20. © 2013 Cengage Learning. All Rights Reserved. May not be scanned, copied or duplicated, or posted to a publicly accessible website, in whole or in part. 16–20 Nonprobability Sampling (cont’d) •Possible Sources Of Bias • Respondents chosen because they were: ◗ Similar to interviewer ◗ Easily found ◗ Willing to be interviewed ◗ Middle-class •Advantages of Quota Sampling • Speed of data collection • Lower costs • Convenience
  21. © 2013 Cengage Learning. All Rights Reserved. May not be scanned, copied or duplicated, or posted to a publicly accessible website, in whole or in part. 16–21 Nonprobability Sampling (cont’d) •Snowball Sampling • A sampling procedure in which initial respondents are selected by probability methods and additional respondents are obtained from information provided by the initial respondents.
  22. © 2013 Cengage Learning. All Rights Reserved. May not be scanned, copied or duplicated, or posted to a publicly accessible website, in whole or in part. 16–22 Probability Sampling •Simple Random Sampling • Assures each element in the population of an equal chance of being included in the sample. •Systematic Sampling • A starting point is selected by a random process and then every nth number on the list is selected. •Stratified Sampling • Simple random subsamples that are more or less equal on some characteristic are drawn from within each stratum of the population.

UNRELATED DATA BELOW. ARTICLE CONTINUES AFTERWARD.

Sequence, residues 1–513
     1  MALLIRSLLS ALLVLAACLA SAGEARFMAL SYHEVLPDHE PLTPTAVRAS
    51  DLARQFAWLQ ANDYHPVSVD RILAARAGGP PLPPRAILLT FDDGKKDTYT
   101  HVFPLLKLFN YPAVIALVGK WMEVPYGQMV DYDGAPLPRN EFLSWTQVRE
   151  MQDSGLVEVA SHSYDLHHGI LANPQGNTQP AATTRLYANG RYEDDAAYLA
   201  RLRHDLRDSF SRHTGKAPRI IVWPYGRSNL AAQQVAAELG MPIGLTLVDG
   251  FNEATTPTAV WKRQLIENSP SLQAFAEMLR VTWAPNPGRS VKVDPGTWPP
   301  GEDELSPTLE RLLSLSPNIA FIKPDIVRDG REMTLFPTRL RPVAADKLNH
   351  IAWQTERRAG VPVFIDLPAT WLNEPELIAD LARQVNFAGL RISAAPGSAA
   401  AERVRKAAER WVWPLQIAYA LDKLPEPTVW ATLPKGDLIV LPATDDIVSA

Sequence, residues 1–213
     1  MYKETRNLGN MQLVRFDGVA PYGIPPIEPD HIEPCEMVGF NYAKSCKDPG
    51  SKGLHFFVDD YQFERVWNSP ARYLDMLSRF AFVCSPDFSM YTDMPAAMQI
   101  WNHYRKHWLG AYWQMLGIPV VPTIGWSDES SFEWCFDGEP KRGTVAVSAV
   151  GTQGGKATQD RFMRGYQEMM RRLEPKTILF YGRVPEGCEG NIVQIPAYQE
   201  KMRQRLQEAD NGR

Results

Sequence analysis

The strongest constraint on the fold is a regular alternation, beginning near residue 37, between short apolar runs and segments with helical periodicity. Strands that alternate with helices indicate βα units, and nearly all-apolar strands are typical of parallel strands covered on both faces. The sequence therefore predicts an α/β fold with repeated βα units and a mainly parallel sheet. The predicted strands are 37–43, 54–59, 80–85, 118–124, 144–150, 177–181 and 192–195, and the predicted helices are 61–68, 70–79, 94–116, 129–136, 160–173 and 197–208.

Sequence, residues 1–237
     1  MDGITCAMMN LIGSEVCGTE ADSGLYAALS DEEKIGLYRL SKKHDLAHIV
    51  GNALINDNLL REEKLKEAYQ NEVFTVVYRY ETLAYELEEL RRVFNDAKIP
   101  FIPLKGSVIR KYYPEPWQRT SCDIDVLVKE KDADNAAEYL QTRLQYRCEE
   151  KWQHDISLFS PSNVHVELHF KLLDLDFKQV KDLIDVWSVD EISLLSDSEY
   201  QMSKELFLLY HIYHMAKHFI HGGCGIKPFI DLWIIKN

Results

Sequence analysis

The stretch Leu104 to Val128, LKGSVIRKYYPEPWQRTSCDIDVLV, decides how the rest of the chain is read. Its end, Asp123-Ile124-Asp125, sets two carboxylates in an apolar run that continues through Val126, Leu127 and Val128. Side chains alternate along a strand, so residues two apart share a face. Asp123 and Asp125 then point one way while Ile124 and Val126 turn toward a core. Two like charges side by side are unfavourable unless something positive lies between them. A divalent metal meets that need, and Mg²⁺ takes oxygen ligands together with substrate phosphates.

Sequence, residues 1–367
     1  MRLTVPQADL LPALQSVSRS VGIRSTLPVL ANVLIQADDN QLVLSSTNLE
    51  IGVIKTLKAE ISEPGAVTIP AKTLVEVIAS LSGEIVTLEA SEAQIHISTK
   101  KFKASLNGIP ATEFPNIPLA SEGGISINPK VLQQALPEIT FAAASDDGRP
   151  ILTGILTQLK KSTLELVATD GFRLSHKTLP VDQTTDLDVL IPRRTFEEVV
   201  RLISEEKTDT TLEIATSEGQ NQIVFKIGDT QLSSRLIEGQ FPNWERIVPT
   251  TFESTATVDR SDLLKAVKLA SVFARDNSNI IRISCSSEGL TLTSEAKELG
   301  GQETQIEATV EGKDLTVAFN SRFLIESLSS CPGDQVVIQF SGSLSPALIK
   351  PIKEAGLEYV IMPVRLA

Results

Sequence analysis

23. © 2013 Cengage Learning. All Rights Reserved. May not be scanned, copied or duplicated, or posted to a publicly accessible website, in whole or in part. 16–23 •Proportional Stratified Sample • The number of sampling units drawn from each stratum is in proportion to the population size of that stratum. •Disproportional Stratified Sample • The sample size for each stratum is allocated according to analytical considerations. Proportional versus Disproportional Sampling
  24. © 2013 Cengage Learning. All Rights Reserved. May not be scanned, copied or duplicated, or posted to a publicly accessible website, in whole or in part. EXHIBIT 16.4 Disproportional Sampling: Hypothetical Example 16–24